You Can Now Pay For iTunes and App Store Purchases With Your Phone Bill in Three More Countries

Apple has expanded mobile phone billing to Denmark, Hong Kong, and Sweden, according to an updated support document on its website. The feature is now supported by the carrier Three in each of the countries, in addition to SmarTone in Hong Kong and Telenor in Sweden. The payment method enables customers to pay for iTunes Store content, App Store apps, iBooks, and Apple Music subscriptions without needing a debit or credit card, or even a bank account. Instead, purchases are added to a customer's mobile phone bill and paid off at the end of the month. Mobile phone billing is already available to customers of select carriers in Austria, Belgium, France, Germany, Japan, Italy, Norway, Russia, Singapore, Switzerland, Taiwan, Turkey, Saudi Arabia, and the United Arab Emirates. Apple's support document explains how to set up mobile phone billing in the iTunes Store on both iPhone and iPad and Mac and

Apple Not Accepting Returns or Exchanges in Hong Kong

Apple updated its purchase policy for Hong Kong today to reflect that all Apple and Beats products purchased at its retail stores in the region cannot be returned or exchanged. The exact reason for Apple suddenly disallowing returns and exchanges at its five Hong Kong retail locations, and whether it is a temporary move, remains unclear at this time. Apple previously allowed customers in Hong Kong to return or exchange undamaged products with the original receipt and packaging within 14 days of the date of purchase. The change was made on the same day iPhone 7 and iPhone 7 Plus launched in Hong Kong, where the smartphones have been reselling on the black market for up to 15,000 Hong Kong dollars, or up to $1,933 in U.S. dollars. CNBC and South China Morning Post both ran articles about these lucrative scalping efforts, which have become commonplace with every iPhone launch, earlier today. Hong Kong is a hotbed for black market electronics due to the lack of import taxes and duties added to foreign goods purchased, as is the case in neighboring mainland China. Scalpers often attempt to illegally smuggle new iPhones across the border to mainland China to make significant profits, including one smuggler caught with 94 iPhones strapped to his body in 2015. A tipster informed MacRumors that the return policy change also applies in Macau, another special administrative region of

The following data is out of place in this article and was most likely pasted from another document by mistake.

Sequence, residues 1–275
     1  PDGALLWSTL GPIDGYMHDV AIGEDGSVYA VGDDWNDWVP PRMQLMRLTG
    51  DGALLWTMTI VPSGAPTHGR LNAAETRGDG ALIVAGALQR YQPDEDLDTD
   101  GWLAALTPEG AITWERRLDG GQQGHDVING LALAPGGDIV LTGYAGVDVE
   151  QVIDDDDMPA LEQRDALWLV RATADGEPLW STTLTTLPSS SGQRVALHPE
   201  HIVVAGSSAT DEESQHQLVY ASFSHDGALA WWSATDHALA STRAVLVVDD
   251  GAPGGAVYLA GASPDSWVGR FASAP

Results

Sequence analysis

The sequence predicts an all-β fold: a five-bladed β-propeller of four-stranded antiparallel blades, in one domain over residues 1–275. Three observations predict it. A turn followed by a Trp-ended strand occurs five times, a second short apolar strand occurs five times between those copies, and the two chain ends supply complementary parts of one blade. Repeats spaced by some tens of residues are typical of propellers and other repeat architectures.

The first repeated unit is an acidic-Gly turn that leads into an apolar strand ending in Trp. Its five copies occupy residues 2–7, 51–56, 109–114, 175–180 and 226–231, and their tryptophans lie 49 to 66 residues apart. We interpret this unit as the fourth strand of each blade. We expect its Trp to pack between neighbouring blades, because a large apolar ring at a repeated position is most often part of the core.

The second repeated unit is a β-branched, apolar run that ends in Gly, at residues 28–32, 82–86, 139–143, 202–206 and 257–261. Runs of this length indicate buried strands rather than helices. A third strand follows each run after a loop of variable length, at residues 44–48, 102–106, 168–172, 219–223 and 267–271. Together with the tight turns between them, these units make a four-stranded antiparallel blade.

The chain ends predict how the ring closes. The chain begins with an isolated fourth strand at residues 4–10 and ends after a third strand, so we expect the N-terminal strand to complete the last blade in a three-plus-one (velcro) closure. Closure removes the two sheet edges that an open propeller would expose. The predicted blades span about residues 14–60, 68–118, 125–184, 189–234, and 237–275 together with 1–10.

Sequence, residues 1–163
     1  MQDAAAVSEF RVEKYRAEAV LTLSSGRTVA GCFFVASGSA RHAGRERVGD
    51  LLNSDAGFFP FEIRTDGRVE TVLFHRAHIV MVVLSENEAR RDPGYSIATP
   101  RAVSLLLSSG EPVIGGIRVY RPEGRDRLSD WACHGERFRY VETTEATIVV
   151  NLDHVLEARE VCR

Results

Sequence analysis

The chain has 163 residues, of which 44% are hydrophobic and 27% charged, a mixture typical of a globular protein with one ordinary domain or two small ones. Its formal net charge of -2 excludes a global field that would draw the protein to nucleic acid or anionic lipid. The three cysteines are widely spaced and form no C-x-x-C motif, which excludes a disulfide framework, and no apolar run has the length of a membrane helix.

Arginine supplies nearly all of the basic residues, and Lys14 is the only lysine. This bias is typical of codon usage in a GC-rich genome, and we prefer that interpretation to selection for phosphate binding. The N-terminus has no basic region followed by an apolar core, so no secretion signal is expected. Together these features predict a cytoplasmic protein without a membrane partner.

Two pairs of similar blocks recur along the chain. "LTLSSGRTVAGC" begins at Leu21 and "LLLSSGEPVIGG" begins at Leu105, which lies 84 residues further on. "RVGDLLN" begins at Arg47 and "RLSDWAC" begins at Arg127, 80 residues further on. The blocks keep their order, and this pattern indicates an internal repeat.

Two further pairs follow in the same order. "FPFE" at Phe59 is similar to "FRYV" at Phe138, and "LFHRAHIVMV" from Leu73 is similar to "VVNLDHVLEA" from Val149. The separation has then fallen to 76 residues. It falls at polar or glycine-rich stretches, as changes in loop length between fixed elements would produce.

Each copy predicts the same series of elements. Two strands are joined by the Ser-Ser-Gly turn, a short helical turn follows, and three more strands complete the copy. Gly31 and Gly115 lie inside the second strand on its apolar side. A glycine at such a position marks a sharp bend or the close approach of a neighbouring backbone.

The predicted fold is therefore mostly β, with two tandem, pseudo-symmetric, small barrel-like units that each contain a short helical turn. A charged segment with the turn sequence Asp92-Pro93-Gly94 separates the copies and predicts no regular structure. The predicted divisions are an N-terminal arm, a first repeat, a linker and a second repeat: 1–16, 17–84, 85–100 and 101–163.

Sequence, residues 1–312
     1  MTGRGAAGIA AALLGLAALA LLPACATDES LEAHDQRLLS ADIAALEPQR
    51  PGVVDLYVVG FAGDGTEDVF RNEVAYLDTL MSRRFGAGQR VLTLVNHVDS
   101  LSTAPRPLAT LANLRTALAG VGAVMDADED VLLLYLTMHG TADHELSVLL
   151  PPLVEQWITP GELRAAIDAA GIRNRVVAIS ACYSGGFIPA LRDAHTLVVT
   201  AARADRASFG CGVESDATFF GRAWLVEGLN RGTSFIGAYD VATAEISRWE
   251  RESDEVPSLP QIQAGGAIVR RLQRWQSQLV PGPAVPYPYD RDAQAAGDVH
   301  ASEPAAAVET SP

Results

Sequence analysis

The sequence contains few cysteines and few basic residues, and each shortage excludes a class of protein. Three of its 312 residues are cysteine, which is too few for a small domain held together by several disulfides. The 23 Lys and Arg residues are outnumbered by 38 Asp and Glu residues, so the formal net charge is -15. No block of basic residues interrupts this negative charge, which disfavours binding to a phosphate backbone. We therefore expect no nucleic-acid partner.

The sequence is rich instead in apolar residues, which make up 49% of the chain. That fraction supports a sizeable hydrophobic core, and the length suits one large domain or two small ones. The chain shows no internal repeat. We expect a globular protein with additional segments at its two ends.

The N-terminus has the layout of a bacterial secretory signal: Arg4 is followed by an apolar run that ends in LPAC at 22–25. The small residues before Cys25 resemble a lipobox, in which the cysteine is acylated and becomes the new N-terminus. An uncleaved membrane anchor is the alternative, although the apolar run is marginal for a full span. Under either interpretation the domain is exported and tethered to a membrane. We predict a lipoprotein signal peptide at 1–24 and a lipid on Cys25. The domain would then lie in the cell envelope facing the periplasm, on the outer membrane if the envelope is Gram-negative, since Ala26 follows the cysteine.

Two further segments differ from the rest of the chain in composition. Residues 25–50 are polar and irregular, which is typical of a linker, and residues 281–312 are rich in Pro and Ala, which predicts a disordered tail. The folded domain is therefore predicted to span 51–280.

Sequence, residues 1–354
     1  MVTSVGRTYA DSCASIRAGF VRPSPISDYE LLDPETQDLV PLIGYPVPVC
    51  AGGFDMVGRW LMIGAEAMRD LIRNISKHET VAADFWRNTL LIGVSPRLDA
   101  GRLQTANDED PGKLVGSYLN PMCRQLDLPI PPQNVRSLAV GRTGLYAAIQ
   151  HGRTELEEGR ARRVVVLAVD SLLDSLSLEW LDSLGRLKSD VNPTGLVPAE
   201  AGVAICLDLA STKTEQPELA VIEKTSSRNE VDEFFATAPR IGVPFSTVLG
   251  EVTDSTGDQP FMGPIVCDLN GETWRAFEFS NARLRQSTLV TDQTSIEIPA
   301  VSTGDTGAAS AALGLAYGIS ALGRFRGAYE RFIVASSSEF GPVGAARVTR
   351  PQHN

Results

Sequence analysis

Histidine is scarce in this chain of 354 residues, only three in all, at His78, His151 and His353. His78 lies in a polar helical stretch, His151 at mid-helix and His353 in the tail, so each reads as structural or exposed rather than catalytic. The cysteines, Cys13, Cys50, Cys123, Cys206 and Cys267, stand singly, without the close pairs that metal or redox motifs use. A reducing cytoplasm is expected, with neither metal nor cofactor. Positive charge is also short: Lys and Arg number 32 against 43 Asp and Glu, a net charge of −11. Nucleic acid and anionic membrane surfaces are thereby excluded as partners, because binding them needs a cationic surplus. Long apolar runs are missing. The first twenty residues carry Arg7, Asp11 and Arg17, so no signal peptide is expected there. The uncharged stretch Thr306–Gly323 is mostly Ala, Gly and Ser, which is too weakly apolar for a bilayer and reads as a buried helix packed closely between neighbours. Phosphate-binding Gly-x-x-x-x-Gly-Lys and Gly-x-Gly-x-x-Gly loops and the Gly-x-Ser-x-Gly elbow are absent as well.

Apple's First Mexican Store and Sixth Hong Kong Store Open Next Week

Apple has announced that its first retail store in Mexico, located at the Centro Santa Fe shopping mall in Mexico City, will open on Saturday, September 24 at 11:00 a.m. local time. Apple's sixth retail store in Hong Kong, located at the apm shopping mall, also opens on Thursday, September 22 at 11:00 a.m. local time. Reforma Gadgets via Twitter Apple is celebrating the opening of its first Mexican store with a colorful Hola México banner and a matching construction barrier at Via Santa Fe, the upscale wing of Centro Santa Fe, the largest shopping mall in Latin America. The store, first rumored in January, will be located on the upper level of the shopping mall. Apple's sixth retail store in Hong Kong will be located at 418 Kwun Tong Road in the Kwun Tong district. The store will be open seven days a week between 11 a.m. local time and 11:00 p.m. local time. Apple's other five stores in Hong Kong are located at Canton Road, Causeway Bay, Festival Walk, IFC Mall, and New Town Plaza. September is shaping up to be a busy month for Apple retail, starting with two U.S. stores that reopened on September 2, another four locations reopening on September 10, and three more to follow on September 16.

BEA and Tap & Go Now Support Apple Pay in Hong Kong

Nearly one month after Apple Pay launched in Hong Kong, the iPhone-based contactless payments service has expanded to The Bank of East Asia (BEA) and Hong Kong Telekom (HKT)'s Tap & Go contactless payments network. BEA customers can add eligible MasterCard and Visa credit cards to Apple Pay and receive 5,000 bonus points between now and August 22, while the first 30,000 customers that complete three or more Apple Pay transactions between now and October 31 will receive a 25% cash rebate of up to $180. Likewise, HKT Tap & Go customers that add prepaid cards to Apple Pay, and complete three or more Apple Pay transactions between now and August 31, will receive a cash rebate of up to $50. Eligible cards can be added to Apple Pay by tapping the "Add Credit or Debit Card" option in the Wallet app on iPhone 5 and later running iOS 8.1 or above. Other banks with Apple Pay support in Hong Kong include the Bank of China (Hong Kong), DBS Bank (Hong Kong), Hang Seng Bank, HSBC, and Standard Chartered. Apple Pay retailers in Hong Kong include 7-Eleven, Apple, Colourmix, KFC, Lane Crawford, Mannings, McDonald's, Pacific Coffee, Pizza Hut, Sasa, Senryo, Starbucks, ThreeSixty, and elsewhere contactless payments are accepted.

Apple's Fifth Retail Store in Hong Kong Opens on June 30

Apple has announced that its fifth retail store in Hong Kong opens on Thursday, June 30 at 10:00 a.m. local time. The store will be located inside the New Town Plaza shopping mall at 18 Sha Tin Centre Street. The store will be open seven days a week between 10:00 a.m. and 10:00 p.m. local time, providing customers in the northern Sha Tin District with access to the Genius Bar and other traditional store services. As noted in our Apple Stores roundup, construction of the store is nearly completed. Apple Store, New Town Plaza will be the company's 46th retail store in Greater China and 484th retail store overall. Apple's other Hong Kong locations include Canton Road, Causeway Bay, Festival Walk, and IFC Mall, the last of which expanded into a third floor in late 2015.